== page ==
ISU is developing big-data models of soybean SDS with agmatix
Fungi, the most common cause of disease in plants, are responsible for up to 30% of plant diseases today. 1 According to Jain and colleagues at the Zunyi Medical University in China, the most common sources of fungi are infected seeds, soil, crop debris, neighboring crops, and weeds. They are spread by wind and water and through contaminated soil, animals, machinery, seedlings, and farm workers. An infection can be established when they enter plants through their natural openings, including stomata, and through wounds resulting from pruning, harvesting, insects, and mechanical damage. 1 In recent years, infection by the Fusarium species has been on the rise in many plants, including soybeans, which serve as an affordable source of protein across the globe. Fusarium virguliforme is responsible for soybean sudden death syndrome (SDS), which has become a leading cause of the decline in soybean crop yield in North America. First seen about 40 years ago, SDS is currently detected in most soybean-growing areas in the United States and in Ontario, Canada, and continues to spread to other parts of the New World.
To prevent the continued decline in soybean yield, growers must be able to predict the location of SDS outbreaks and their severity. This points to a need for an agricultural predictive modeling tool that can be used to explore relationships among key factors contributing to the spread of SDS and facilitate the development of data-driven agricultural solutions. This task is complicated, however, by the large number of factors that must be taken into consideration, including sanitation; weather conditions; patterns of irrigation (which can induce spore release) and crop rotation (which can affect soil infection); planting time, spacing, and overlapping crops; and the plant’s natural resistance to fungi versus fungicides. Additionally, growers must remember that other disorders cause symptoms similar to those of SDS and that when SDS symptoms appear, it may already be too late to stop the progression of disease. Thus, soybean growers require agronomic analysis software that can handle large amounts of data on soybeans as well as crops with which they are rotated, crops that are grown in adjacent fields, and–because fungi can remain dormant in the ground until conditions favorable for their growth arrive–crops that were previously grown in the same field.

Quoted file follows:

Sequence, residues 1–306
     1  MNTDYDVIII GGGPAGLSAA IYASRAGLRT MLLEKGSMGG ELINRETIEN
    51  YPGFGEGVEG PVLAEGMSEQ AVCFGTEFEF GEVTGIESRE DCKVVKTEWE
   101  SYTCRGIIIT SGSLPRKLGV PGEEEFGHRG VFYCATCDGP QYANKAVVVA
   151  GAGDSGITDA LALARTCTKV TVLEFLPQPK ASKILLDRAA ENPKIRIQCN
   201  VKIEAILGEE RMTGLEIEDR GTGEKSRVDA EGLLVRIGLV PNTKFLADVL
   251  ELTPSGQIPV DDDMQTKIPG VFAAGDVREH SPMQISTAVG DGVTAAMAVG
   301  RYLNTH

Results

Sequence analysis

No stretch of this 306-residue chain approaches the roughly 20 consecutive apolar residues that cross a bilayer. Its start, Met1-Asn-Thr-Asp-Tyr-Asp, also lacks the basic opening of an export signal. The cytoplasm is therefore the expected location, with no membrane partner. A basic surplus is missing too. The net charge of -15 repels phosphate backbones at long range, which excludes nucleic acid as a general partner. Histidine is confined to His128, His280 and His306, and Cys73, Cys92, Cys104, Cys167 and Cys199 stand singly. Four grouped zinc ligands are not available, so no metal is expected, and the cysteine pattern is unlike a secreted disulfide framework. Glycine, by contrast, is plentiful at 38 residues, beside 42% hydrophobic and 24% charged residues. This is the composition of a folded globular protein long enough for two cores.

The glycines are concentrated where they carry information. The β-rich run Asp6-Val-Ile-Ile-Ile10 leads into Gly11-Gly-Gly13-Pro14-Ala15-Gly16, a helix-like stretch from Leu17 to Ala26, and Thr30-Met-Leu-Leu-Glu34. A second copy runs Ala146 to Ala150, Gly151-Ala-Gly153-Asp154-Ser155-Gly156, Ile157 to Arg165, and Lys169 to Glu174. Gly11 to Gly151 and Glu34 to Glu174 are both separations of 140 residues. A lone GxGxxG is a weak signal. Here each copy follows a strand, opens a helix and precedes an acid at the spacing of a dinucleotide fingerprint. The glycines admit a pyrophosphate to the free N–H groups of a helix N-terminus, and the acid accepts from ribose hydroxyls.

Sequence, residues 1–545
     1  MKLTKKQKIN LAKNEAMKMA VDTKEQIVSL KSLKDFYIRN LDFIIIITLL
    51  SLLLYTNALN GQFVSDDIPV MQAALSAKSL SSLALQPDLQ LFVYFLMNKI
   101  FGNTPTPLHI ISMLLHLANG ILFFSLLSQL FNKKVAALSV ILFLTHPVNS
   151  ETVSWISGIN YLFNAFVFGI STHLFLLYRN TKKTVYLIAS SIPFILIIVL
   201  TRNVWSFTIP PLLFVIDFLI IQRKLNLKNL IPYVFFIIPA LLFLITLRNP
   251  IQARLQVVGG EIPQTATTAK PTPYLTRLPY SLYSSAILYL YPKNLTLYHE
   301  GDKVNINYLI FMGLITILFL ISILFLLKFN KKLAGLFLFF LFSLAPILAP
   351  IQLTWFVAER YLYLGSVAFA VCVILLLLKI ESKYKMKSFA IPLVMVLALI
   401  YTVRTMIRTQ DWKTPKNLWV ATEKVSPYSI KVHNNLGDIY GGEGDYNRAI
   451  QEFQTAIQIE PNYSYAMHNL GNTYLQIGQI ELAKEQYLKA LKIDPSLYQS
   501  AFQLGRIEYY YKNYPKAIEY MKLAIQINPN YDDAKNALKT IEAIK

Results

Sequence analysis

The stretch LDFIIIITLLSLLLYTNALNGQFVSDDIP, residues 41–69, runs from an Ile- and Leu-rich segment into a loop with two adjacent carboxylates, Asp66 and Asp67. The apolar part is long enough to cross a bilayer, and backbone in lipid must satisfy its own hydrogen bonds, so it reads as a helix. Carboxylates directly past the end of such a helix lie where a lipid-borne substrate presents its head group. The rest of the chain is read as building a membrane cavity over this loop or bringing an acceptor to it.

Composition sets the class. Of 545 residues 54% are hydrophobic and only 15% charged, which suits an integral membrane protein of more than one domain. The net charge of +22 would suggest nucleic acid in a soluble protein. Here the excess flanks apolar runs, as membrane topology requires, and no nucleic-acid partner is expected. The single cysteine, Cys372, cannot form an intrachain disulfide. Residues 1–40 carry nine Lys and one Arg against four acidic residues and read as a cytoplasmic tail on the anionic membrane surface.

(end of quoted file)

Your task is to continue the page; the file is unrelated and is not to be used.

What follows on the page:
Iowa State University of Science and Technology (ISU) is one of five universities participating in a study of SDS outbreaks to determine how to predict where they are most likely to occur and the severity of their occurrence. Their findings may allow soybean farmers to make optimal decisions regarding the time for planting, use of hybrids, population density, and other factors to prevent this disease. The ISU study was based on data derived from six studies of a total of 90 SDS field trials carried out over 10 years in six locations in the United States (5) and Canada (1). The original data were collected during weekly observations of plant-related conditions, including the weather, and monitored using the open-source software library XGBoost (an ensemble of decision trees). The challenge of standardizing the terminology, measurements, etc., of such a large amount of data was met using the agmatixTM protocol GUARDS (Global Universal Agronomic Data Standard), an agronomy data standardization tool in which trial-specific definitions and data measurements are standardized and anomalies that could skew analytical results are identified. Thus, they were able to transform trial-related data into a language that can be understand by researchers around the world.
The researchers were able to predict disease severity with an 11% margin of error and, thus, predict which crops would have no disease , moderate disease, or severe disease with 80% accuracy. They also found that (1) seed hybrid predicted plant sensitivity to F virguliform to a greater degree than any of the other parameters originally considered by the team; and (2) population density during the early stages of plant growth—which had not been considered—was an accurate predictor of SDS severity.
Given more data, this preliminary analysis could be transformed into an agricultural predictive modeling tool that soybean growers can use to manage the occurrence of SDS in their fields.